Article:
Bridget Chisholm has over 35 years of executive experience and has achieved tremendous success in her expansive career in finance. She has earned an industry identification for being a serial entrepreneur, ecosystem capacity builder, and investor. She has founded and exited multiple high-performing companies. Since 2005, she has closed over $1 billion in multi-layered specialty financing transactions and investments. Chisholm is an innovator who uses disruptive thinking to challenge systems, advance and build wealth in historically underserved sectors, including Minority Business Enterprises (MBEs), communities, people, and capital providers.
Additionally, Chisholm leverages her ten years of extensive experience in marketing and branding for Fortune 500 companies, including RJR, Nabisco, and General Mills, and top-ranked cosmetic company, Maybelline, to activate unique perspectives. She met the SEC guidelines for audit committee financial expert (ACFE) designation and was the second woman to be appointed to the NC Banking Commission and serves on the Board of Trustees for Texas College (HBCU). She is the Chairwoman of The Links, Incorporated Economic Empowerment Platform (LEEP) and previously served on the Shelby County (TN) County Commissioners. She completed her education at Wake Forest University and the University of Pennsylvania Wharton School of Business.
Q: What's your background, and what are you working on?
I am currently working on multiple projects, specifically focused on initiatives and deals that help close the wealth gap in minority communities of color! It’s critically important that underserved areas receive the same advantages and opportunities that others receive through well-funded communities and community initiatives.
Q: What motivated you to get started with BWC Consulting?
I started BWC Consulting, which stands for Building Wealth & Communities Consulting, because I witnessed first-hand what was happening in Memphis, TN, a majority-minority Black city. There was so much growth and development in the downtown urban areas, but none of it was being led or directed by Black residents. Given my broad and deep business knowledge in finance, real estate, franchise, branding, politics, and education and my understanding of economic incentives used to mitigate risk and get tough deals done, I felt compelled to do more. I began to wonder in the midst of all of this rapid growth and development — who will focus on MBEs, including HBCUs, minority developers, and prioritize building wealth and resilient communities?
Q: How have you attracted clients and grown your firm?
We have grown the BWC firm and brand primarily through word of mouth and by leveraging innovative techniques and our expertise to close deals that others considered impossible. We’ve grown the firm by focusing on driving high impact, with a serious commitment to making a difference. That is the foundation of BWC. We focus less on individual accolades and more on the collective advances we can make together. That’s how we deliver transformational results! That’s the BWC story!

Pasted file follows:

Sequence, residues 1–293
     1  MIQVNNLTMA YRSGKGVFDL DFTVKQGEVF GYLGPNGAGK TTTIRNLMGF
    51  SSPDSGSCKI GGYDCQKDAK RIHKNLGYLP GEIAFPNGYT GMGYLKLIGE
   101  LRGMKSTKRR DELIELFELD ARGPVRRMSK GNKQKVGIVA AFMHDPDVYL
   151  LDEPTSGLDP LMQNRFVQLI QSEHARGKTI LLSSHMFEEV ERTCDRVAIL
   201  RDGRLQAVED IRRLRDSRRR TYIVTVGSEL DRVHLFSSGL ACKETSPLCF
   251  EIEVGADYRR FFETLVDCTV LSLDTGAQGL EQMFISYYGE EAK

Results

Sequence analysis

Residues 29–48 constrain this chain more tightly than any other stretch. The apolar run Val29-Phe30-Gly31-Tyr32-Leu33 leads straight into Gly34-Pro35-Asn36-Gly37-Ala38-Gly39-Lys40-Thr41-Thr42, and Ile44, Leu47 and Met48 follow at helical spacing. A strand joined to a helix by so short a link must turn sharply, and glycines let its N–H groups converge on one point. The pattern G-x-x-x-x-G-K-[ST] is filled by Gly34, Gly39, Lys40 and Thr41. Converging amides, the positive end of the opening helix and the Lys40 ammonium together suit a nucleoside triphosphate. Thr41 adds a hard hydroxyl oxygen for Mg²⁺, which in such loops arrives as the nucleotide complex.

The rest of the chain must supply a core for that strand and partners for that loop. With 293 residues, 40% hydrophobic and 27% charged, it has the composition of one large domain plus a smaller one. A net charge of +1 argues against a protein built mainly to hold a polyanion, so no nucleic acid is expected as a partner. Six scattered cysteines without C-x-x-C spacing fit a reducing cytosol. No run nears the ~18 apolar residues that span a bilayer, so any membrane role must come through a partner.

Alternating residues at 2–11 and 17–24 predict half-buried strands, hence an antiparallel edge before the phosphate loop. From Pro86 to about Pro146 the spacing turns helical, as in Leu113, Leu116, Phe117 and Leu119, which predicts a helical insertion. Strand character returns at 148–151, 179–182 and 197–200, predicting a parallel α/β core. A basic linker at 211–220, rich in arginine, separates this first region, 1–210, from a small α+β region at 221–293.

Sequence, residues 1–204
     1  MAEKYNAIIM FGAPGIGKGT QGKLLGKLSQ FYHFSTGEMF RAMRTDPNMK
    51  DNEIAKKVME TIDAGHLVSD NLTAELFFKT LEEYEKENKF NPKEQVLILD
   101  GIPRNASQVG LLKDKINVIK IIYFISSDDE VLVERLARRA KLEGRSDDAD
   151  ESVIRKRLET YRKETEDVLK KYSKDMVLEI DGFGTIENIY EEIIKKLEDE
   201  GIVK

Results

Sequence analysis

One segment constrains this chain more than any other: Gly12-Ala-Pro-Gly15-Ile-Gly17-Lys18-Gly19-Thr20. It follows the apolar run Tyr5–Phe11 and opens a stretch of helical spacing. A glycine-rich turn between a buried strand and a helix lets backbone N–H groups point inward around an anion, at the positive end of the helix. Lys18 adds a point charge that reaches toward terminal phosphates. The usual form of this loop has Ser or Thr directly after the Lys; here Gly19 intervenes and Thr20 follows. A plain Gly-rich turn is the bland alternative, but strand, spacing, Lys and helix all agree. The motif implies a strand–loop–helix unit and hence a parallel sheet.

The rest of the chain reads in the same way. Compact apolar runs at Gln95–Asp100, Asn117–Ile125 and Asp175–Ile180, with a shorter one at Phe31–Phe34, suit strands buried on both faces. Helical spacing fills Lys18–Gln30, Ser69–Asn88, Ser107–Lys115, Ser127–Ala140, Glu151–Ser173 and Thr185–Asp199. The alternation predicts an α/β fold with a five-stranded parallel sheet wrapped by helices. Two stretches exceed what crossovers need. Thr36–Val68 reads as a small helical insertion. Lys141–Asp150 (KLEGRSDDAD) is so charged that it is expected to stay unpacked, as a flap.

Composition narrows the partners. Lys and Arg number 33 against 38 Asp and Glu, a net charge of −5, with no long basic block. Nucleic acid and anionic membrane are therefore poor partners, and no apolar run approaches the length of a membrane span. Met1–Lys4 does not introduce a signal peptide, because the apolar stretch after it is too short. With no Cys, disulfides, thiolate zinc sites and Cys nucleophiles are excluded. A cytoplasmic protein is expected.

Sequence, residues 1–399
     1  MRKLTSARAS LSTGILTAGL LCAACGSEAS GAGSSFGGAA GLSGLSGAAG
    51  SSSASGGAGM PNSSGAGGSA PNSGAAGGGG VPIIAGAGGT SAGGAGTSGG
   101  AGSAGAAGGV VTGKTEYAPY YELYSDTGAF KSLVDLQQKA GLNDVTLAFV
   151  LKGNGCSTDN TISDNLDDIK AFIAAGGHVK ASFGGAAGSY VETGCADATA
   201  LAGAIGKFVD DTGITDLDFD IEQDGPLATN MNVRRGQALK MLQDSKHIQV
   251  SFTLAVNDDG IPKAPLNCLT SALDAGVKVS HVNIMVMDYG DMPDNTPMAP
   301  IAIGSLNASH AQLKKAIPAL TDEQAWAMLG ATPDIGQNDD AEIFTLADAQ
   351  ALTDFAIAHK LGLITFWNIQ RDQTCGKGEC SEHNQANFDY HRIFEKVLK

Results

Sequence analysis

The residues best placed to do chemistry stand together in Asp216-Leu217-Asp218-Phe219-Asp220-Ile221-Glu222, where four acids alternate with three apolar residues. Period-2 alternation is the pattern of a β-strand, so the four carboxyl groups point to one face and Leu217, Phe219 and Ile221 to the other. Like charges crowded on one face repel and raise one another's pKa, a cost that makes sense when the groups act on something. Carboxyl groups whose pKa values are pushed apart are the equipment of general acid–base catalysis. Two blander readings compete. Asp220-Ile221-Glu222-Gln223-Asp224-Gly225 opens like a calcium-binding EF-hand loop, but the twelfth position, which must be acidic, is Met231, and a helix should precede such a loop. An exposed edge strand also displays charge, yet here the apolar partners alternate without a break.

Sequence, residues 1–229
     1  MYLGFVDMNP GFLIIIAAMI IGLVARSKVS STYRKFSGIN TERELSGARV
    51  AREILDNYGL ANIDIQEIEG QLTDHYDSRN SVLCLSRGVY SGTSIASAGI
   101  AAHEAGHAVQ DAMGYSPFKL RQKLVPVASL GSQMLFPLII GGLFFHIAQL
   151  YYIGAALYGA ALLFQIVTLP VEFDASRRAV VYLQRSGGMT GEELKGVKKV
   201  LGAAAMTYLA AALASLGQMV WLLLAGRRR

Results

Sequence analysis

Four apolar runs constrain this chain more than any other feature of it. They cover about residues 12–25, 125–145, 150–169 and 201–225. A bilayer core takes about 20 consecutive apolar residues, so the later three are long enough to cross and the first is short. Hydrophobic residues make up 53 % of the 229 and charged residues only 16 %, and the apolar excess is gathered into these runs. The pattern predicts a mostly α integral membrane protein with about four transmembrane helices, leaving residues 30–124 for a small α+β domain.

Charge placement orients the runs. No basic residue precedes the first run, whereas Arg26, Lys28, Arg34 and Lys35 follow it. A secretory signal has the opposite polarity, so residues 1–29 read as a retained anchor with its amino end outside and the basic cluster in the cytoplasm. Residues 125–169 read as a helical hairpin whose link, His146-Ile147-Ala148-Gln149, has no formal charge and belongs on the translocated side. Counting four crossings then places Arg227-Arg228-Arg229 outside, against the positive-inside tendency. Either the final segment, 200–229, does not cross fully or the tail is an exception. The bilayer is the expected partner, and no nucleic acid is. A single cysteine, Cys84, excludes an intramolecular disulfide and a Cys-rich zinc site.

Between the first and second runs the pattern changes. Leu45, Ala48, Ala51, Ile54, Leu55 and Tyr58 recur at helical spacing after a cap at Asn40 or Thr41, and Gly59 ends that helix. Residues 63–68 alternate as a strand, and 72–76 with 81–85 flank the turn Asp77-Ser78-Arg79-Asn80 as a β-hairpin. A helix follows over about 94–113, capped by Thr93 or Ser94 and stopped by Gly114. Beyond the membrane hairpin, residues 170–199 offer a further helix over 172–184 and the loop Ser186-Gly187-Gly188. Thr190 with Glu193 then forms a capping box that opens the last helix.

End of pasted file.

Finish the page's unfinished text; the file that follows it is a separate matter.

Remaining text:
Q: What are your goals for the future?
Our focus and future goals are to continue growing, learning, and disrupting for scale and liquidity that yields legacy by closing the wealth gap for our community.
Q: What are the biggest challenges you've faced and obstacles you've overcome?
Many come to mind! When I started on the entrepreneurial track in 1998, I purchased an existing 12-unit franchise and development rights to its MSA (Memphis – Northern MS – Dyersburg, TN). Not many women of color were operating in this space, which at times felt challenging. But I persisted and successfully put the acquisition financing of $20M and private equity of $1M together. So, when I exited this deal to start BWC, I felt incredibly empowered. I was a pioneer. I navigated the waters of the finance world as a young Black woman who worked for herself, moving past visible and invisible impediments.
When it comes to navigating complex situations, I’ve found a trusted sounding board to be the best resource. I got an executive coach to help me focus, keep me grounded, and get to the other side of peace, purpose, confidence. Above all else, my faith and trust in God have remained steadfast throughout my life and my career, carrying me through every perceived obstacle.
Q: What's your advice for female founders who are just starting out?
My advice to female founders or anyone looking to start a business is — invest in you! You are your biggest asset, so invest and spend time on yourself. Time is truly the most valuable currency. Invest time in prayer, planning, understanding, and knowing your ‘WHY,’ then you can identify the tactics to help you get there. Start inward first, and work out. And once you understand why you are launching your business, remain true to the reasons you started.
Last, do not let others dim your light or marginalize and contort your vision. You will always be at your best when you are authentic, so trust yourself and your vision, and be prepared to say “No” when you need to! The people and deals always come back around and on your terms!